A blog on financial markets and their regulation
Risk Management for Derivative Exchanges
August 2, 2010Posted by on
I wrote a chapter on risk management lessons from the global financial crisis for derivative exchanges for a book edited by Robert W. Kolb on Lessons from the Financial Crisis: Causes, Consequences, and Our Economic Future.
During the global financial crisis, no major derivative clearinghouse in the world encountered distress, while many banks were pushed to the brink and beyond. This was despite the exchanges having to deal with more volatile assets—equities are about twice as volatile as real estate, and natural gas is about 10 times more volatile than real estate. Clearly, risk management at the world’s leading exchanges proved to be superior to that of the banks. The global financial crisis has shown that the quality of risk management models does matter.
Three important lessons have emerged from this experience:
- The quality of risk management models can be measured along two independent dimensions: crudeness versus sophistication and fragility versus robustness. The crisis of 2007-2009 has shown that of these two dimensions, the second dimension (robustness) is far more important than the first dimension (sophistication).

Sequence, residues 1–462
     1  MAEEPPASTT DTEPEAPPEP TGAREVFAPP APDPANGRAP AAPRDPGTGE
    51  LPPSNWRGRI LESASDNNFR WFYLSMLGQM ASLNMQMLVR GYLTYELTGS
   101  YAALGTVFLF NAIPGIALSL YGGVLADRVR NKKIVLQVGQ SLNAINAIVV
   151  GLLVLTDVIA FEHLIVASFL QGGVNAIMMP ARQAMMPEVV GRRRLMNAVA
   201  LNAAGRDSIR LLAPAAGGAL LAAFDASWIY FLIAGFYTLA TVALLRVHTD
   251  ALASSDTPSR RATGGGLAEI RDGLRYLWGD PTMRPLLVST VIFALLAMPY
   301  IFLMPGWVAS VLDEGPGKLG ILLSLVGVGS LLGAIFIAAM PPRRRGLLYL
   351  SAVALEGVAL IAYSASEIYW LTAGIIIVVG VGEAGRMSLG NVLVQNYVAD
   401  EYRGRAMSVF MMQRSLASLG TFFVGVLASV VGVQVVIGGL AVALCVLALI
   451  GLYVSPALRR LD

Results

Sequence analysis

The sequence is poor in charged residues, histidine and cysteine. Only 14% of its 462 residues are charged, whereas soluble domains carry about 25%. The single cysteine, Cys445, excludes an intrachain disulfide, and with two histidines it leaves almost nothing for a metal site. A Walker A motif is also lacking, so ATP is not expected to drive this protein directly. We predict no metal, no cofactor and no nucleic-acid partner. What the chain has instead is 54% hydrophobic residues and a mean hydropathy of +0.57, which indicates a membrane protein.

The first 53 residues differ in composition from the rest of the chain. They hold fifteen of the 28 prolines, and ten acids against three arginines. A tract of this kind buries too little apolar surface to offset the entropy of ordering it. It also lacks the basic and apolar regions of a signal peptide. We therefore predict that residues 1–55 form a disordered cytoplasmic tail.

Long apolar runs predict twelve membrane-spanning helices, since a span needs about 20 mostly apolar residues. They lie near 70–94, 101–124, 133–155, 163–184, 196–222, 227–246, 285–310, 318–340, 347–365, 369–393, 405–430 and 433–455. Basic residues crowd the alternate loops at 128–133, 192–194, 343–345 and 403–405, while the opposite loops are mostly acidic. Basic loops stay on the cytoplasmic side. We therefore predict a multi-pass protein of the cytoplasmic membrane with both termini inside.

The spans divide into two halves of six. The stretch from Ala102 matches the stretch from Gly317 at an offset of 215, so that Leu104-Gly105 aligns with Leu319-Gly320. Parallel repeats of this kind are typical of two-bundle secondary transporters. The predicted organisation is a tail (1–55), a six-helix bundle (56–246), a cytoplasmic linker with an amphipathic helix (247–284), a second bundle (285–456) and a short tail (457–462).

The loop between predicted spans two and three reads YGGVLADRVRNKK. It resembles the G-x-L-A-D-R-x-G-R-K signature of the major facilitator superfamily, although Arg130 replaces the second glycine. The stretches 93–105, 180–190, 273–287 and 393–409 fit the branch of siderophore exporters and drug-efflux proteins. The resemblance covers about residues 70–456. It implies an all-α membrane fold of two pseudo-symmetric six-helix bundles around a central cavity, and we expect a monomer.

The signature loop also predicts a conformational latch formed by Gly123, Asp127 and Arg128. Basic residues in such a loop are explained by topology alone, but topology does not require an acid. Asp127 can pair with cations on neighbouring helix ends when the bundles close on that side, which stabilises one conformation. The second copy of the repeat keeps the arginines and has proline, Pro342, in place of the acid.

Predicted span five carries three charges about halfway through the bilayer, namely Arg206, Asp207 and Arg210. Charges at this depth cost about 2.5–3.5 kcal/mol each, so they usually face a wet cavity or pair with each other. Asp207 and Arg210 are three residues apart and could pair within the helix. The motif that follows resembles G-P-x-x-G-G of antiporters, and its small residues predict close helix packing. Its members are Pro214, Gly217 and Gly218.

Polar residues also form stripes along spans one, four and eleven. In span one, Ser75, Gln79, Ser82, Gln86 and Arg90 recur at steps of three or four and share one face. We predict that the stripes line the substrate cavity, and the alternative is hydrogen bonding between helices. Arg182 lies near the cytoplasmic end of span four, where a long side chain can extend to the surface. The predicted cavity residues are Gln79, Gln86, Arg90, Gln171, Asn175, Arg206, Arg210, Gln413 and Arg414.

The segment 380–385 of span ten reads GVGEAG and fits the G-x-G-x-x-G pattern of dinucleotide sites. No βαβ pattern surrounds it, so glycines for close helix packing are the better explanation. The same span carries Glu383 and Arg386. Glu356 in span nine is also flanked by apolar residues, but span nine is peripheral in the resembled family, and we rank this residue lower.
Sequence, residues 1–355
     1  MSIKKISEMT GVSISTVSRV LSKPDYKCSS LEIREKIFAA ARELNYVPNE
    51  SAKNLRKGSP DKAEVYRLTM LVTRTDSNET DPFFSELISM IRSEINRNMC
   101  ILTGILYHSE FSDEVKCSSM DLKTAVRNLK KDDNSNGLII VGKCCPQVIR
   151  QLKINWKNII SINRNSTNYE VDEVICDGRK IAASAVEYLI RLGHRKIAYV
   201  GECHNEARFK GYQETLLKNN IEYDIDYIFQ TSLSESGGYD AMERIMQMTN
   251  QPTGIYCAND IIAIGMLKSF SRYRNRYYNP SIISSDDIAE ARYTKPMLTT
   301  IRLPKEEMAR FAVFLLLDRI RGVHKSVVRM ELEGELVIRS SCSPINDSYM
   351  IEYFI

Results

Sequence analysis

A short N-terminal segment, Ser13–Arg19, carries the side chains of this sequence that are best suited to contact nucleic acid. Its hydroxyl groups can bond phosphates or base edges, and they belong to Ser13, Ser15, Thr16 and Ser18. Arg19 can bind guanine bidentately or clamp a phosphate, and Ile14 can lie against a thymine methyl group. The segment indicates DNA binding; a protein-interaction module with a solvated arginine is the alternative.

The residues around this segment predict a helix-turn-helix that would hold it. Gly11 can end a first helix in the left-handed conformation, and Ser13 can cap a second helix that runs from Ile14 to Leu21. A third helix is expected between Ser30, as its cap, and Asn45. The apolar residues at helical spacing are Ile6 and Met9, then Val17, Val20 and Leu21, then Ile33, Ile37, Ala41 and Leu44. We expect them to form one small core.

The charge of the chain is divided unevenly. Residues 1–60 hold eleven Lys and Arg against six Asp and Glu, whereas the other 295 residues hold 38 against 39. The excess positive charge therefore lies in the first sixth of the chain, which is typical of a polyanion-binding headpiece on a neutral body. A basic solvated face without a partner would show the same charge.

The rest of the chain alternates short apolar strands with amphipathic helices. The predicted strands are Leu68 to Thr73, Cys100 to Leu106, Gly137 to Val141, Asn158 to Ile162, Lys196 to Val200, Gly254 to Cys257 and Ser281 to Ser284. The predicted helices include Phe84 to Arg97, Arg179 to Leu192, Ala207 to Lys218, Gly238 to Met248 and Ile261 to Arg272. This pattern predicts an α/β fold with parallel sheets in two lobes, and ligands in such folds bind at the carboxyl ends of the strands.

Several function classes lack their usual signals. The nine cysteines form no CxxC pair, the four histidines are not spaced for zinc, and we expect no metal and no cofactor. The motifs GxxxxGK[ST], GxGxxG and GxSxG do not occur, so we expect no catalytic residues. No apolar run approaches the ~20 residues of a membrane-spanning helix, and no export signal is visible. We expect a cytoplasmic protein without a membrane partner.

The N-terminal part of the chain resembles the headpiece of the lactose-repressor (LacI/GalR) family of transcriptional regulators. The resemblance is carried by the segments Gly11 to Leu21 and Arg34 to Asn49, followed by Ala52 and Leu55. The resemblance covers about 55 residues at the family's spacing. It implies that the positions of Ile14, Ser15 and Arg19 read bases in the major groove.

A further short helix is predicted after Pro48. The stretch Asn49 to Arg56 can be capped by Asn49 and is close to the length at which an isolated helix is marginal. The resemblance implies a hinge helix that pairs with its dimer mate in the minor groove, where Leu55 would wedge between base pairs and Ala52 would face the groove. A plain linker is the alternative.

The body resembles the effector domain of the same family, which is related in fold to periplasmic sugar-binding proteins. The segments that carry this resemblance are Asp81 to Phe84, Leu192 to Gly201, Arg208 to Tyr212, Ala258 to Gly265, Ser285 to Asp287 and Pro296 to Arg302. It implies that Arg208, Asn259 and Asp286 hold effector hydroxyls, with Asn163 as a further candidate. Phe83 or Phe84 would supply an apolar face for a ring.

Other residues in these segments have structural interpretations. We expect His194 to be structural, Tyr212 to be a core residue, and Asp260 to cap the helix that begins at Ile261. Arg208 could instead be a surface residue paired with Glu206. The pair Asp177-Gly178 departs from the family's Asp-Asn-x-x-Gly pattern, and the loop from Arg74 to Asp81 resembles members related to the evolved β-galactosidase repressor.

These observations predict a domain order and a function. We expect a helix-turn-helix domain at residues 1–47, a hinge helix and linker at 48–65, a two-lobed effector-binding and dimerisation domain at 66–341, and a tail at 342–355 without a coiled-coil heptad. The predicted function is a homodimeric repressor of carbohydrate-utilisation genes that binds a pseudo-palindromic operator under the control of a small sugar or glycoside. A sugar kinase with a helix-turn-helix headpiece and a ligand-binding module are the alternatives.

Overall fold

- An apparent structural change in the economy and the financial markets may only be a temporary change in the volatility regime. Risk models that ignore this can be disastrous.
- Risk models of the 1990s, based on normal distributions, linear correlations, and value at risk, are obsolete not only in theory but also in practice.
Most of the chapter paper deals with these lessons from the crisis of 2007-2009. In the final section, the paper argues that as derivative exchanges prepare to trade and clear ever more complex products, it is important that they refine and develop their risk models even further so that they can survive the next crisis.
The chapter is based largely on a paper that I wrote in February 2009.